Travel with us and Wally every month to a new country.
We wanted to launch a new series about travelling because so many of us are missing the feeling of wandering around the world. We teamed up with Wally, our Ambassador, who shares with us his funny stories from countries far away. Every month you can watch us LIVE on Instagram on the second Wednesday of the month at 4pm. No worries if you have missed it, you can rewatch the full first episode whenever you feel like escaping your city a little bit.
Our first destination is China. Wally spent 1 year and 4 month in Wuhan, before the city became infamous, teaching English for kids. This was basically the first time he left the United States and jumped head first into a crazy adventure. He had to learn how to communicate with the locals without speaking Chinese and he was fully embracing the local cuisine trying different parts of different animals. One time his friends took him out for dinner and they all ordered a special part of the pig, which is rarely eaten in Europe. Other surprises came along during his stay in China, for example, when one of his colleagues kidnapped him for a weekend without really knowing him. If you want to know how these stories continue head over our Instagram account and watch the first episode of the travelling stories.
He has another story to share with you that he didn't tell in the Instagram LIVE, from the time when he was at a fake wedding. Read on to find out how he ended up there and what was his role to play.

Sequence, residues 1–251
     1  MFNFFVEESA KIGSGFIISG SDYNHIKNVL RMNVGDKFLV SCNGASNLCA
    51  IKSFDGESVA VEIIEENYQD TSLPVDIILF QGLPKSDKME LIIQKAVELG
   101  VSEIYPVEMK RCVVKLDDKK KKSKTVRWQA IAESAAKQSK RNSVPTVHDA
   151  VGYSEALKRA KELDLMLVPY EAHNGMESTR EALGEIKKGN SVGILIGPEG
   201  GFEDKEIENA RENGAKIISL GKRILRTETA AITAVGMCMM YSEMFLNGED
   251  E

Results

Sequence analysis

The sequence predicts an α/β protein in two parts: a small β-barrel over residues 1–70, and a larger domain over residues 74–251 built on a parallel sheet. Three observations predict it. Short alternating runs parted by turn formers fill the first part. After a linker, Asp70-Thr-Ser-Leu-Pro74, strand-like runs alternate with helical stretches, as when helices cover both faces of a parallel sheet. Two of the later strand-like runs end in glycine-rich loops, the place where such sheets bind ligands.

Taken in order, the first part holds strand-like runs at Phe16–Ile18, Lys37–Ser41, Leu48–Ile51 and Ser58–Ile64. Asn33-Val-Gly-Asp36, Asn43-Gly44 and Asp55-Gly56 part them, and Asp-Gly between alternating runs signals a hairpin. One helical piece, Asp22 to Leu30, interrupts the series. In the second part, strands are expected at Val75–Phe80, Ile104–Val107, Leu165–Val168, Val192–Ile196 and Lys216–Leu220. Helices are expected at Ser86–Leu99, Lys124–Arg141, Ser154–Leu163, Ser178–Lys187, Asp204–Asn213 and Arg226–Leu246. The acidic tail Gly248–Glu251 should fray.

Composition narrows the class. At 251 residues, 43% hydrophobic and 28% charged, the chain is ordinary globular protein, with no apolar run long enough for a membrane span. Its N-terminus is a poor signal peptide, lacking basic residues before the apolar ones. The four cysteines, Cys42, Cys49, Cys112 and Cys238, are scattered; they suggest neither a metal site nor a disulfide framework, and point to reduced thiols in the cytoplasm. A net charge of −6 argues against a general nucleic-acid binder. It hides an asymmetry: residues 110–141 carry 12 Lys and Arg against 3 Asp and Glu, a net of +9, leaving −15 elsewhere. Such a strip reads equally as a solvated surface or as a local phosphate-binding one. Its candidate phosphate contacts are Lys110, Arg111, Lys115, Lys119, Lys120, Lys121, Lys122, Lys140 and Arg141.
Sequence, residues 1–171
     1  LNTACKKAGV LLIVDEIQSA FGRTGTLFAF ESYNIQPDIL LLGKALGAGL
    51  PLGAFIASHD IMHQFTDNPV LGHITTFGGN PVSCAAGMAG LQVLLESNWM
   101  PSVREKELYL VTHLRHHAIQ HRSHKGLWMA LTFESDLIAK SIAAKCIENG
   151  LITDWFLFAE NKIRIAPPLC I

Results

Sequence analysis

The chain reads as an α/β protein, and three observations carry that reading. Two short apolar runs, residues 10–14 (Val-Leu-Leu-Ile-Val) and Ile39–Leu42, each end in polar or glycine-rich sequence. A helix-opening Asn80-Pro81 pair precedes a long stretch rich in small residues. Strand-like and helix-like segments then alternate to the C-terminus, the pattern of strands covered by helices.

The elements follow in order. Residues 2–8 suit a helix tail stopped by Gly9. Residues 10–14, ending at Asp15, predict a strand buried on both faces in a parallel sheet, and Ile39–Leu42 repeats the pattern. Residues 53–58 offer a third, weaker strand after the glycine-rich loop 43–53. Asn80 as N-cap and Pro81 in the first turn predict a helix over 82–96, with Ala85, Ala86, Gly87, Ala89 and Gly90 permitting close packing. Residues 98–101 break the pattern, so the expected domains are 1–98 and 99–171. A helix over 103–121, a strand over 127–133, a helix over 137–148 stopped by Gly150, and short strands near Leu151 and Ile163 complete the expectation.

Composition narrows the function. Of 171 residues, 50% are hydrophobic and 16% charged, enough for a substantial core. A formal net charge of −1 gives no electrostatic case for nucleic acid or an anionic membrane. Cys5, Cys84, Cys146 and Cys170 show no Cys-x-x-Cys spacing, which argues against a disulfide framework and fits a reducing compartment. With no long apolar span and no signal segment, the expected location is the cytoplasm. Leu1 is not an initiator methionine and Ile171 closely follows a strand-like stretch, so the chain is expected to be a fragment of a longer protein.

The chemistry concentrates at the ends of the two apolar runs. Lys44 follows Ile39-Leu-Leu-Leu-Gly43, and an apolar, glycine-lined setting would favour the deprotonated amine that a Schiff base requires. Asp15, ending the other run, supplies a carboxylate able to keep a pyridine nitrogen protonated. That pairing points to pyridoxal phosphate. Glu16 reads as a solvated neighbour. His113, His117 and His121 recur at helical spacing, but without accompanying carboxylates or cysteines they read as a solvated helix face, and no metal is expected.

It was a bleak, Saturday morning and I had just poured my instant coffee into my cup, waiting for the water to boil in my kettle. Looking off into the distance from the 13th floor in what would be considered “a small apartment building”, I wondered if I’d ever really be able to see the sky here. Then my phone rang and it was my co-worker, John. “Man, it is 7AM...I don’t even know why I’m up. Why are you calling me?” I muttered. “There’s a foreigner gig and they need an extra person. But you need to come suited up” he replied. “I don’t know what a “foreigner gig” is, I’ve been here a month and have seen much outside Jiangxia (‘Jung-sha’ the suburb of Wuhan that we lived in) and why would I need to suit up?” I said. “They’re paying 500 yuan (at the time about 75 Euros), it’s really easy and there’s a free buffet at what seems to be a really nice hotel!” he exclaimed. Now, I’m not one to turn down easy money or free food, so I figured what the hell, let’s do this. “Alright I’m in, it’s happening tomorrow?” I asked. “Nope, it’s happening today. They’re going to pick us up at 9AM.” he said. Damn, I was hoping to at least have some time to get on my newly subscribed VPN, get on Facebook and let the world know how I was adjusting to China or at least wake up. “Alright, I’ll get dressed and see you in a bit.” I said. “You need to meet me downstairs in a suit Walt, a suit!” John reminded me. “Ok, got it!” I replied. Well, this is going to be interesting, I thought. What could I possibly be doing that was going to be so easy with a free lunch in a suit?